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01.12.2015 | Research article | Ausgabe 1/2015 Open Access

BMC Public Health 1/2015

Lung cancer risk among workers in the construction industry: results from two case–control studies in Montreal

Zeitschrift:
BMC Public Health > Ausgabe 1/2015
Autoren:
Aude Lacourt, Javier Pintos, Jérôme Lavoué, Lesley Richardson, Jack Siemiatycki
Wichtige Hinweise

Electronic supplementary material

The online version of this article (doi:10.​1186/​s12889-015-2237-9) contains supplementary material, which is available to authorized users.

Competing interests

The authors declare that they have no competing interests.

Authors’ contributions

AL conducted literature review, statistical analysis, and prepared the first draft for all sections of this manuscript with the help and supervision of JP. JL managed the exposure assessment data. LR participated in the study design and coordinated the data collection methods. JS designed both Studies (I and II) included in this manuscript, developed the methods for assessment of occupational exposures, and supervised its implementation and supervised all aspects of this manuscript. All co-authors participated in the editing and correction of the final text. All authors read and approved the final manuscript.

Authors’ information

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Abstract

Background

Given the large number of workers in the construction industry, it is important to derive accurate and valid estimates of cancer risk, and in particular lung cancer risk. In most previous studies, risks among construction workers were compared with general populations including blue and white collar workers. The main objectives of this study were to assess whether construction workers experience excess lung cancer risk, and whether exposure to selected construction industry exposures carries excess risks. We wished to address these objectives within the sub-population of blue collar workers. 

Methods

Two case-control studies were conducted in Montreal. Combined, they included 1593 lung cancer cases and 1427 controls, of whom 1304 cases and 1081 controls had been blue collar workers. Detailed lifetime job histories were obtained and translated by experts into histories of exposure to chemical agents. The two key analyses were to estimate odds ratio (OR) estimates of lung cancer risk: a) for all blue-collar construction workers compared with other blue-collar workers, and b) for construction workers exposed to each of 20 exposure agents found in the construction industry compared with construction workers unexposed to those agents. All analyses were conducted using unconditional logistic regression adjusted for socio-demographic factors and smoking history.

Results

The OR for all construction workers combined was 1.11 (95 % CI: 0.90–1.38), based on 381 blue collar construction workers. Analyses of specific exposures were hampered by small numbers and imprecise estimates. While none of 20 occupational agents examined was significantly associated with lung cancer, the following agents manifested non-significantly elevated ORs: asbestos, silica, Portland cement, soil dust, calcium oxide and calcium sulfate.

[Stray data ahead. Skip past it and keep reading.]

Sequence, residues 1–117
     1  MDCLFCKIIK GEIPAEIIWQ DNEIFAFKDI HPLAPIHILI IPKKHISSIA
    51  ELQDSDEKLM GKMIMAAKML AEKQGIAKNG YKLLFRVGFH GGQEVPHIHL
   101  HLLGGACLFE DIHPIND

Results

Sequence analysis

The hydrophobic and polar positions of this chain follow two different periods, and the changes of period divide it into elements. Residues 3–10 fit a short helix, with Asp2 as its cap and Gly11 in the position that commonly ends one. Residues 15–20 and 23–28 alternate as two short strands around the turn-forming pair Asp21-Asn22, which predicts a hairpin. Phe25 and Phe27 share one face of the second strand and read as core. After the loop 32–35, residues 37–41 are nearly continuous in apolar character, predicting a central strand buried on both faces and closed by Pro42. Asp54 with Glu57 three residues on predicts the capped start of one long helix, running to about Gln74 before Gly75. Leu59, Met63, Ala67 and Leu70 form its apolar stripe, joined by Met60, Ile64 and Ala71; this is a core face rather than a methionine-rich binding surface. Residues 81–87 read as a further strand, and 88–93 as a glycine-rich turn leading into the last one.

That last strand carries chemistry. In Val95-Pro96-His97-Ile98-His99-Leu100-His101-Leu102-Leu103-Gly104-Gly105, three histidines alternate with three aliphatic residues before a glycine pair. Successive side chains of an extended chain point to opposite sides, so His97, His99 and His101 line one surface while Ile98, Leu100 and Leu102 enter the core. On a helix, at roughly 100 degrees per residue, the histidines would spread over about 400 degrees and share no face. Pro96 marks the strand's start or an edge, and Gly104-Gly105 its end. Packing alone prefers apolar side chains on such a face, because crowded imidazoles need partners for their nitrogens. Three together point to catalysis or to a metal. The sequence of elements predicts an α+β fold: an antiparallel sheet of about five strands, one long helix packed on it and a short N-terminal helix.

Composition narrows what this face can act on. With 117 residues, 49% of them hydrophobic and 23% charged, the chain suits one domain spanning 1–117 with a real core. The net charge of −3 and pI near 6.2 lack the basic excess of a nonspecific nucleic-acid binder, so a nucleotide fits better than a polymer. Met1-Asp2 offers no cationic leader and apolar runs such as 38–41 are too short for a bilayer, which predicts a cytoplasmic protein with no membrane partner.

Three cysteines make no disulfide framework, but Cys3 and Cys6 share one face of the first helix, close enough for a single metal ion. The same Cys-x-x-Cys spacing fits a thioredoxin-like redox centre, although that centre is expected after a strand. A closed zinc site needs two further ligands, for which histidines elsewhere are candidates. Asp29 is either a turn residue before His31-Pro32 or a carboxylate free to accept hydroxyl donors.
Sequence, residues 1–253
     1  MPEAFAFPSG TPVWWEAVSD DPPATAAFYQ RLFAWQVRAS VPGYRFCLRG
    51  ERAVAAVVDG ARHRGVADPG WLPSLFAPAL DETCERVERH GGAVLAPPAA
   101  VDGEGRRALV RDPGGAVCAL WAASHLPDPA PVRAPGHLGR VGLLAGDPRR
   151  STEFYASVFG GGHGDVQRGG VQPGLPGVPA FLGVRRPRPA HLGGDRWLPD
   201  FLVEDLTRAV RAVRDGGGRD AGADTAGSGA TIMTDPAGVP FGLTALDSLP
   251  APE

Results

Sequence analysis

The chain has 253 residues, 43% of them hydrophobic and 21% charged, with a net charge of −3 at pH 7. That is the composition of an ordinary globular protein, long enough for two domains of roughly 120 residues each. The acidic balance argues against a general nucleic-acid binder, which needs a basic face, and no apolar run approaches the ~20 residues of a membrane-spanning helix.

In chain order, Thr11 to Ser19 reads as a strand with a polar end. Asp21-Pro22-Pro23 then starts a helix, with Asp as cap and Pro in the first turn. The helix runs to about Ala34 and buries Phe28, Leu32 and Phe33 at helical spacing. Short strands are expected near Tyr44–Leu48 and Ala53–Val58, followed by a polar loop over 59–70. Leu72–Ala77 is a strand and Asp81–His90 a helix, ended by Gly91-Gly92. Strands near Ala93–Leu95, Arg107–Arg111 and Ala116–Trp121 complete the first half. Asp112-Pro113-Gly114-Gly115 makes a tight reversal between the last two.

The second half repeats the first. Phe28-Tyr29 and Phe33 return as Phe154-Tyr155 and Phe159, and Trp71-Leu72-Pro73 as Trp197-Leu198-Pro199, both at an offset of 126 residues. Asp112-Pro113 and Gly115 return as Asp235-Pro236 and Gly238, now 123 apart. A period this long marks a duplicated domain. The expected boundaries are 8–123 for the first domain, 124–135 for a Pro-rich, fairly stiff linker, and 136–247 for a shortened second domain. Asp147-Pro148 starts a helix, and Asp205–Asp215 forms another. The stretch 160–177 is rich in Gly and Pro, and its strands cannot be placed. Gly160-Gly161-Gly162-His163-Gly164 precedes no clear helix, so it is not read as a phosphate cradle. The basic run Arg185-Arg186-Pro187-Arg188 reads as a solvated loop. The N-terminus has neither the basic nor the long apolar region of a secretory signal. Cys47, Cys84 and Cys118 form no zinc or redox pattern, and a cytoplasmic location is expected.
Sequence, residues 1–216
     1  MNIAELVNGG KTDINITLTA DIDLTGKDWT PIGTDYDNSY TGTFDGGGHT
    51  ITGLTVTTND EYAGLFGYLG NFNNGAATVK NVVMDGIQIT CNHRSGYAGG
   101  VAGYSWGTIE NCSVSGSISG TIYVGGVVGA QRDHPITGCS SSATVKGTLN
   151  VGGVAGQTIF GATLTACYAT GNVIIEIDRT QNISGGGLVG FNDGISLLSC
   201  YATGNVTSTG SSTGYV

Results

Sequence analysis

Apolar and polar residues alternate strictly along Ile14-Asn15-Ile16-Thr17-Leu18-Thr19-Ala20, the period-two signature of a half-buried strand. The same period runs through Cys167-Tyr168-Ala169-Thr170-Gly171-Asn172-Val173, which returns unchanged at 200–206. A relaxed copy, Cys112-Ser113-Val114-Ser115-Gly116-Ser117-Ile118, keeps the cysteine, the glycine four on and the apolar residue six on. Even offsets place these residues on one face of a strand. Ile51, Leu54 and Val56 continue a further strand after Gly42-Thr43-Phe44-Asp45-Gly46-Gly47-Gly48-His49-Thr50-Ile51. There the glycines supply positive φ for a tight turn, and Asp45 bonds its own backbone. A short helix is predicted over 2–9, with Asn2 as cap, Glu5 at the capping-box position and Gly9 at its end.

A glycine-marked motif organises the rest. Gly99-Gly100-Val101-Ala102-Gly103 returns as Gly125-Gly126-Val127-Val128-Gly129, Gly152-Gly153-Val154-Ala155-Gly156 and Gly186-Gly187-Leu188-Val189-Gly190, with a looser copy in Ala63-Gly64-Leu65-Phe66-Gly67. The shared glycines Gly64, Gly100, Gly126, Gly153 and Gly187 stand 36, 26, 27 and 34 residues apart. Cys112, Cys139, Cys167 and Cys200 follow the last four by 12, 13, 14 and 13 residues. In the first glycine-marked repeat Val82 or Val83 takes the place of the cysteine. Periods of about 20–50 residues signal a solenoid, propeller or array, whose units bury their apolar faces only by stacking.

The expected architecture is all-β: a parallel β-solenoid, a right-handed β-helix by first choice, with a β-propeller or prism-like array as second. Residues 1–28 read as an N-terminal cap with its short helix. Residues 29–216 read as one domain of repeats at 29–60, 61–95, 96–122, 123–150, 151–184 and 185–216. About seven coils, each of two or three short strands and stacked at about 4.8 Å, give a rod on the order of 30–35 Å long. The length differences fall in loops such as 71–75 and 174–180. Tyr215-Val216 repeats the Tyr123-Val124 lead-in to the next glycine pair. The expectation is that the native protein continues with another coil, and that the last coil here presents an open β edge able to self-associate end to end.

Conclusions

Compared with other blue collar workers, there was only a slight increased risk of lung cancer for subjects who ever held an occupation in the construction industry. The analyses of agents within the construction industry produced imprecise estimates of risk, but nevertheless pointed to some plausible associations. Excess risks for asbestos and silica were in line with previous knowledge. The possible excess risks with the other inorganic dusts require further corroboration.
Zusatzmaterial
Additional file 1: Table S1. Odds ratios of lung cancer and ever being employed in the construction industry, the reference unexposed category being either all workers outside the construction industry or all blue collar workers outside the construction industry, in Study I and Study II, separately. Table S2. Odds ratios of lung cancer and ever being employed in the construction industry, the reference unexposed category being either all workers outside the construction industry or all blue collar workers outside the construction industry, pooled set of two studies conducted in Montreal, Canada, restricted to self-respondents. Table S3. Odds ratios of lung cancer and ever being employed in the construction industry, the reference unexposed category being all blue collar workers outside the construction industry, pooled set of two studies, with three different criteria for defining a blue collar worker*. Table S4. Odds ratios of lung cancer and exposure to selected chemical agents in analyses restricted to construction workers, pooled set of studies, using two sets of covariates. Table S5. Odds ratios of lung cancer and exposure to selected chemical agents in analyses restricted to construction workers, pooled set of studies, using two sets of covariates, and restricted to self-respondents. Table S6. Odds ratios of lung cancer and ever being employed in the construction industry, the reference unexposed category being either all workers outside the construction industry or all blue collar workers outside the construction industry, with or without adjustment for socio-economic status (SES, represented by median family income for census tract and education level). Table S7. Odds ratios of lung cancer and exposure to selected chemical agents in analyses restricted to construction workers, pooled set of studies, with or without adjustment for socio-economic status (SES, represented by median family income for census tract and education level). (DOCX 81 kb)
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